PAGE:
The Colorado Energy Office launched a public awareness and education campaign Monday to answer residents' questions about buying, owning and driving electric vehicles.
The effort involves a website, social media outreach and materials for the state’s project partners to use. Those partners include the Colorado Automobile Dealers Association, Xcel Energy, the Tri-State Generation and Transmission Association, Drive Electric Colorado and the non-profit Drive Clean Colorado. Boulder County, Denver — including the city and county — and Durango are also part of the project.
Currently, fewer than 70,000 EVs are on the road in Colorado, according to the state’s EV dashboard. A 2020 survey found that 63% of non-EV owners intended to purchase their first electric vehicle within the next 10 years. But Colorado consumers had questions about state tax incentives for EVs and where they could charge on the road, said Carrie Atiyeh, senior program manager on the Transportation Fuels and Technology team at the CEO, which is part of the governor’s office.
“There are a lot of new, first-time EV buyers that are going to be entering this space over the next few years,” Atiyeh said.
In the first nine months of 2022, 9.6% of all new vehicles sold in the state were EVs. Gov. Jared Polis set a goal for Colorado of 940,000 light-duty EVs and at least 1,000 zero-emission transit buses in use by 2030.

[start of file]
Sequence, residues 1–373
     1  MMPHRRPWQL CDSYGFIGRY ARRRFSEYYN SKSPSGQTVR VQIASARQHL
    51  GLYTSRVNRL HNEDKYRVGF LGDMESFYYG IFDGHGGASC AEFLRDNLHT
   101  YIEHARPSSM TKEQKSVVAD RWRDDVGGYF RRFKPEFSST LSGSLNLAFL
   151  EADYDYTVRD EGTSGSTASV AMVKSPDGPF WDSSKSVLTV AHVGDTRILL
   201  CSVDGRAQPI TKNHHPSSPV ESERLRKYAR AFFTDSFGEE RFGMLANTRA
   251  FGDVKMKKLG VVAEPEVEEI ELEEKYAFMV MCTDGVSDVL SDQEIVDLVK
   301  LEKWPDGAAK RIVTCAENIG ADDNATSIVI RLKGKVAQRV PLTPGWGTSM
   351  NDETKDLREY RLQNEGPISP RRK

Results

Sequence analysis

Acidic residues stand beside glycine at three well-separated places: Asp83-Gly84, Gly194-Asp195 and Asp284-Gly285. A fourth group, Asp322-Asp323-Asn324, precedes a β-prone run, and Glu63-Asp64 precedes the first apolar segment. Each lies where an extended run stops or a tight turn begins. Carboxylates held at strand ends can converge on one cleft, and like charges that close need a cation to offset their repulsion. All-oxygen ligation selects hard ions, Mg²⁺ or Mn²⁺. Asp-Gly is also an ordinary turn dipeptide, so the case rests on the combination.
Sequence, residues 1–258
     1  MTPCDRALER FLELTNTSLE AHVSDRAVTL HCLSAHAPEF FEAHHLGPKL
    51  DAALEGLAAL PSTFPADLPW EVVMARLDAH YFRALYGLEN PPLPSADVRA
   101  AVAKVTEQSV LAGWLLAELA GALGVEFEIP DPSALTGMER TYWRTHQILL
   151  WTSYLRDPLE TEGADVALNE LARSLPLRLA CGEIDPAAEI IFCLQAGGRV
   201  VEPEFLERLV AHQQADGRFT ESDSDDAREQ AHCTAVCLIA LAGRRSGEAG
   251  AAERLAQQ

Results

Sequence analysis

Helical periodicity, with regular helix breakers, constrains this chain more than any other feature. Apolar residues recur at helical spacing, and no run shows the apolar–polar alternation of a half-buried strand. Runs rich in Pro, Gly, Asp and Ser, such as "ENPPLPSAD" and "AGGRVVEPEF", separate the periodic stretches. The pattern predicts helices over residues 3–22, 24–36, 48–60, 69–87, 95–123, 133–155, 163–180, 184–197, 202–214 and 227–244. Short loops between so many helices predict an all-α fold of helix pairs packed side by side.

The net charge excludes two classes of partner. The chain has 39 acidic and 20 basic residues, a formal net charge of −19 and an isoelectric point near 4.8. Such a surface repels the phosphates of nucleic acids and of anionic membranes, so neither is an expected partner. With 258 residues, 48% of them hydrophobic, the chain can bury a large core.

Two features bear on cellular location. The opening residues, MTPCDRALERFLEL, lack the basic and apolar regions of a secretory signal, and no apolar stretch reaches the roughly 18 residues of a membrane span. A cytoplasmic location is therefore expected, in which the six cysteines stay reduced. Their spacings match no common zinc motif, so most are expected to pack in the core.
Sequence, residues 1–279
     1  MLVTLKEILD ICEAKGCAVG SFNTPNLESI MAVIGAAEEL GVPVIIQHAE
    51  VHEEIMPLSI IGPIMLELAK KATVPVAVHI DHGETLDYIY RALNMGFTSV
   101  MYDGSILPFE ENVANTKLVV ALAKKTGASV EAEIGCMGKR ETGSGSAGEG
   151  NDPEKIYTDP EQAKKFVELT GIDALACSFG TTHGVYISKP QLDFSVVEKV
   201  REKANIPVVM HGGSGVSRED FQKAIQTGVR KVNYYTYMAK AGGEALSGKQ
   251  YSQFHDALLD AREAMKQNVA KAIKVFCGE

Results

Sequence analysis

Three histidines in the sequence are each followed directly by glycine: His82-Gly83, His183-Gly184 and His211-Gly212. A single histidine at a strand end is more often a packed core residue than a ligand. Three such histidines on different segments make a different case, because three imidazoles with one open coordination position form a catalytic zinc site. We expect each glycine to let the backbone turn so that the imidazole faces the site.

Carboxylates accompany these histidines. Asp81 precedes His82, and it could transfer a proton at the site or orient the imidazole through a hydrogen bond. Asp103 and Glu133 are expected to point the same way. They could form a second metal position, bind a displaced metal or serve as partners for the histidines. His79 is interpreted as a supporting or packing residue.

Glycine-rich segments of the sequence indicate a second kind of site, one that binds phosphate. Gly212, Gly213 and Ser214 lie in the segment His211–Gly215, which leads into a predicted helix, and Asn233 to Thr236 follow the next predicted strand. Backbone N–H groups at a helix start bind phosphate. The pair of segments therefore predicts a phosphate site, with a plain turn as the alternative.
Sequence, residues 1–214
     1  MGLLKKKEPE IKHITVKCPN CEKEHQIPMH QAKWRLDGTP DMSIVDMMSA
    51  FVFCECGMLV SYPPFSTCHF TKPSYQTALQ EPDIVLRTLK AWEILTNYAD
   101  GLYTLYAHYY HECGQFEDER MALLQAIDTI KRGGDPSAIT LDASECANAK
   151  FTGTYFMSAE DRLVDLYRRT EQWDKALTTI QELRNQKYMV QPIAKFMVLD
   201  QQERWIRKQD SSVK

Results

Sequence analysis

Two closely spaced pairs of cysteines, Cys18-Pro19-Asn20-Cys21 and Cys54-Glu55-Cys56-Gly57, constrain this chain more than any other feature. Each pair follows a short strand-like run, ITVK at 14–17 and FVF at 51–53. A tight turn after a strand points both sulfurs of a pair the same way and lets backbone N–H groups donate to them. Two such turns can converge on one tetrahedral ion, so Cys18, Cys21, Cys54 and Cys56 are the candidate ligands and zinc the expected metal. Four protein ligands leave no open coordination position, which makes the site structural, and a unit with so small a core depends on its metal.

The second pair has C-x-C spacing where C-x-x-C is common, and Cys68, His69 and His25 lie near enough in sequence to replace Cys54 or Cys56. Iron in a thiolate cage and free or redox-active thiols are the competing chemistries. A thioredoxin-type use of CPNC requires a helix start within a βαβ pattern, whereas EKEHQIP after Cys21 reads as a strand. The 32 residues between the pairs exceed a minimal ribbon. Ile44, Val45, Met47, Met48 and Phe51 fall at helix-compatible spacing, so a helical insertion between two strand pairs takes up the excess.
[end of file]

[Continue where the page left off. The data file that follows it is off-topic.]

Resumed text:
According to a press release from the governor’s office, Colorado is “electrifying state facilities” and planning for dozens of new electric state fleet vehicles in 2022 and 2023.
As of Oct. 1, nearly 4,400 public Level 2 and DC fast chargers were installed throughout Colorado. The state’s transportation and energy regulators are “working together to rapidly expand our network of public charging stations so that all Coloradans can feel confident choosing an electric vehicle,” said Colorado Department of Transportation Executive Director Shoshana Lew in a press release.
“We are looking at investing more than $25 million in our charging network throughout the state,” Atiyeh said. The investments would combine state resources and federal funds from the National Electric Vehicle Infrastructure program.